Voting: FAQs

What is the primary election?

The March 6th primary election is the first round of voting for the 2018 midterm election. During the primaries, you’ll vote for candidates to represent either the Democratic or Republican party in the November midterm election. Both the primary and general midterm elections will include Federal, State, and County races.

The winner of each race for each party will proceed to the general midterm election in November. If no candidate receives a majority of the vote in the primary, the two candidates receiving the most votes will advance to a primary runoff on May 22nd. (Voters can vote in a runoff even if they didn’t vote in the primary.)

When is the 2018 primary election?

Election Day is Tuesday, March 6th, 2018. Election Day voting hours are 7:00 am –7:00 pm. The Early Voting period for the 2018 primary election is Tuesday, February 20th– Friday, March 2nd.

Early voting hours:

  • Tuesday, February 20th – Friday, February 23rd: 8:00 am – 6:00 pm
  • Saturday, February 24th: 8:00 am – 8:00 pm
  • Sunday, February 25th: 12:00 pm – 6:00 pm
  • Monday, February 26th – Friday, March 2nd: 8:00 am – 8:00 pm

Where do I vote?

On Election Day, you must vote in your assigned precinct—determined by the address of your current voter registration. During Early Voting, you can vote at ANY polling location.

Find your precinct’s polling location

All Early Voting Locations

What will be on the ballot?

The primary and general midterm elections include Federal, State, and County races. When you vote in the primary, you’ll be asked if you want a Democratic or Republican ballot and will only vote on candidates from that party.

  • Federal: US Senator and US Representative
  • State: Governor, Lieutenant Governor, Attorney General, Comptroller of Public Accounts, Commissioner of the General Land Office, Commissioner of Agriculture, Railroad Commissioner, State Supreme Court Justices, Judges of the Court of Criminal Appeals, Justices of the Court of Appeals, District Judges, Criminal District Attorney, and State Representative
  • County: County Judge, County Court at Law Judges, County Probate Court Judges, District Clerk, County Clerk, County Commissioner, and County Chair (for your respective party)

You will also vote on propositions drafted by the party. These yes/no questions willhelp shape the party platforms and inform party leadership—they are not amendments to the Constitution or any laws.

See Your Sample Ballot

Do I get to choose a Democratic or Republican ballot?

Yes—you can choose your party ballot when you go to vote. Your party affiliation and voting history don’t matter. When you vote in the general election in November, you don’t have to vote for the same candidates or party. (While there are other political parties, the Democratic and Republican parties are the only parties holding Texas primaries.)

How do I register to vote?

The deadline to register to vote in the March 6th primary has already passed, but you can register now to be eligible to vote in the general November 6th election.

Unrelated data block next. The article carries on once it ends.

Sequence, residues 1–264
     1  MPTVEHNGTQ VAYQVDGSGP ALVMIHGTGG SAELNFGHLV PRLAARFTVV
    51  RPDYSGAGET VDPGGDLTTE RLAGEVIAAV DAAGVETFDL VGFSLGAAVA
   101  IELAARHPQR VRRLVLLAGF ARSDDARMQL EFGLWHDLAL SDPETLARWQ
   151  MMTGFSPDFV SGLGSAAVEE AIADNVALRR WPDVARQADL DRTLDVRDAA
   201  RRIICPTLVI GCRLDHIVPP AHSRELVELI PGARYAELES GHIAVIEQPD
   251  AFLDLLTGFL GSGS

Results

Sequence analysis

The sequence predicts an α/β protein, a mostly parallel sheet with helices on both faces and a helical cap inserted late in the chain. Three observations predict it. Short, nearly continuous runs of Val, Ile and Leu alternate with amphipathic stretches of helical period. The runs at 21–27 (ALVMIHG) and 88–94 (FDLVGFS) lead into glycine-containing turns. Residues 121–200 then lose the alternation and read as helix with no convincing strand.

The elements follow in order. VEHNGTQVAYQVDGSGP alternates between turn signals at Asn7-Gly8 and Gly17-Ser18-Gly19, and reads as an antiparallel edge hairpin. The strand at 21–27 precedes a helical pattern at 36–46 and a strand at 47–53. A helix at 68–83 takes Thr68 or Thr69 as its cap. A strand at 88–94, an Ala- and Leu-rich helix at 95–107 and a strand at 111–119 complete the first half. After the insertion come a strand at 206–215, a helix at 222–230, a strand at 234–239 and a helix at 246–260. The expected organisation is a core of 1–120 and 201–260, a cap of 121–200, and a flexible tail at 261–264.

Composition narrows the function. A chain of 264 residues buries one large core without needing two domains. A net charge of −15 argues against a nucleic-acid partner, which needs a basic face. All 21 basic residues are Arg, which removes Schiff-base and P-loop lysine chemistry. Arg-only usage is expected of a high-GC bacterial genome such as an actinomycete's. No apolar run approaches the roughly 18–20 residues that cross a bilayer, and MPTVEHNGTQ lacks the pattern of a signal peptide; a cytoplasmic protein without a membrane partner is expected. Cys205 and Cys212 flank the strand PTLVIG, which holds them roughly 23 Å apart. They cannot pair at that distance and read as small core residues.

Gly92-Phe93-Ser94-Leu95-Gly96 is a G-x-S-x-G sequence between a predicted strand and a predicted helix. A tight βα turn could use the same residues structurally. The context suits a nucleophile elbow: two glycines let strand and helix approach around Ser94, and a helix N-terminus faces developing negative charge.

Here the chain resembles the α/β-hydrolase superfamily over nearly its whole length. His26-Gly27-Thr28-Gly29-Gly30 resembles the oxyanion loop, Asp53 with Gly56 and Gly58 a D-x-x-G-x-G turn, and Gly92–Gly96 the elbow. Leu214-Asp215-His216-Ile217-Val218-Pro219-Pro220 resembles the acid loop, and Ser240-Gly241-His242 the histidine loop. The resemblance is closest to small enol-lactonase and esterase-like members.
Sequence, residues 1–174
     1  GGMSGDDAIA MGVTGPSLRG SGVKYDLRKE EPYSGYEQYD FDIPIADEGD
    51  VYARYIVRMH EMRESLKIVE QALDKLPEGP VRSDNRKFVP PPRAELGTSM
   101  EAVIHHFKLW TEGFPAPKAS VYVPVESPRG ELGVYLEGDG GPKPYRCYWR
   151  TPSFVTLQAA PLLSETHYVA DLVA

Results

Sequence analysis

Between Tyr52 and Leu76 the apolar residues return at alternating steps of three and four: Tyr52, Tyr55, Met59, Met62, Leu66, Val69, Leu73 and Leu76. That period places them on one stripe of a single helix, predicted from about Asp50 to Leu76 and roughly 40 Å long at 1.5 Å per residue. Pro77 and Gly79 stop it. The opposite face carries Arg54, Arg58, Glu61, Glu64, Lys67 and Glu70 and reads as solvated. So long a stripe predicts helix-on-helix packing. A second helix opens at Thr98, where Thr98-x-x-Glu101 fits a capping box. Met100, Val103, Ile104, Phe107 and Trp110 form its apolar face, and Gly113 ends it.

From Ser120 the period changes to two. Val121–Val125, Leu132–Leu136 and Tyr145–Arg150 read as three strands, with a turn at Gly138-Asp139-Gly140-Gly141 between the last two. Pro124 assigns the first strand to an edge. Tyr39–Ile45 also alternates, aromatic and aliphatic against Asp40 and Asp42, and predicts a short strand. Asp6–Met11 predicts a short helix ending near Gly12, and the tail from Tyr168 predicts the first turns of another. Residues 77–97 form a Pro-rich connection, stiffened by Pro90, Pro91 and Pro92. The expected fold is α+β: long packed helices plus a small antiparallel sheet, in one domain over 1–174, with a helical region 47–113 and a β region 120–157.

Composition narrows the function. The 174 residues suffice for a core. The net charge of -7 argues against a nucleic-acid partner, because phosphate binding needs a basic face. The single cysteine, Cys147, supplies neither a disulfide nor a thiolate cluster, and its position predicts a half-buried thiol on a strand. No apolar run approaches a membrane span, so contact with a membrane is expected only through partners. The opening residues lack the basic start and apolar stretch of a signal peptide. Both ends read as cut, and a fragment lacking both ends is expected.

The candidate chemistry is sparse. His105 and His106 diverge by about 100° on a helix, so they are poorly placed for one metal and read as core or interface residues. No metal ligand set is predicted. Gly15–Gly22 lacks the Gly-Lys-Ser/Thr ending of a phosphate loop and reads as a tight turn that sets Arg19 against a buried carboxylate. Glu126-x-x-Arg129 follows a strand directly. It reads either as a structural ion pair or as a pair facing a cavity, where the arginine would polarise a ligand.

Get a voter registration application

Check your registration

What if I can’t vote in person?

If you won’t be in Bexar County for Early Voting or Election Day; are 65 years or older; are disabled; or confined in jail but otherwise eligible to vote, you can vote early by mail. Applications must be received by February 23rd. Mail–in ballots must be received by 7:00 pm on March 6th (if not postmarked) or received by 5:00 pm on March 7th if postmarked by 7:00 pm on March 6th.

Get a mail–in ballot (English)

Get a mail–in ballot (Spanish)

What do I need to bring to vote?

If you have one of the following forms of photo identification, you must present one when you vote in person. The identification can be expired up to four years.

  • Texas driver license issued by the Texas Department of Public Safety (DPS)
  • Texas Election Identification Certificate issued by DPS
  • Texas personal identification card issued by DPS
  • Texas license to carry a handgun issued by DPS
  • United States military identification card containing the person’s photograph
  • United States citizenship certificate containing the person’s photograph
  • United States passport

If you do not have one of the above forms of identification, you can present one of the following supporting forms of identification, and the voting official will help you fill out a required declaration.

  • Valid voter registration certificate
  • Certified birth certificate (must be an original)
  • Copy of or original current utility bill
  • Copy of or original bank statement
  • Copy of or original government check
  • Copy of or original paycheck
  • Copy of or original government document with your name and an address (original required if it contains a photograph)

What if my voter information doesn’t match my identification?

The address on your identification does NOT have to match your address on your voter registration information. If your name does not exactly match your name on your voter registration information, election officials will review your identification, and if your name is “substantially similar,” you’ll be allowed to vote (but required to submit an affidavit stating you are the same person on the official list of voters).

How can I get to my polling location?

VIA Metropolitan Transit offers free rides on Election Day! Just show your voter registration card when you board.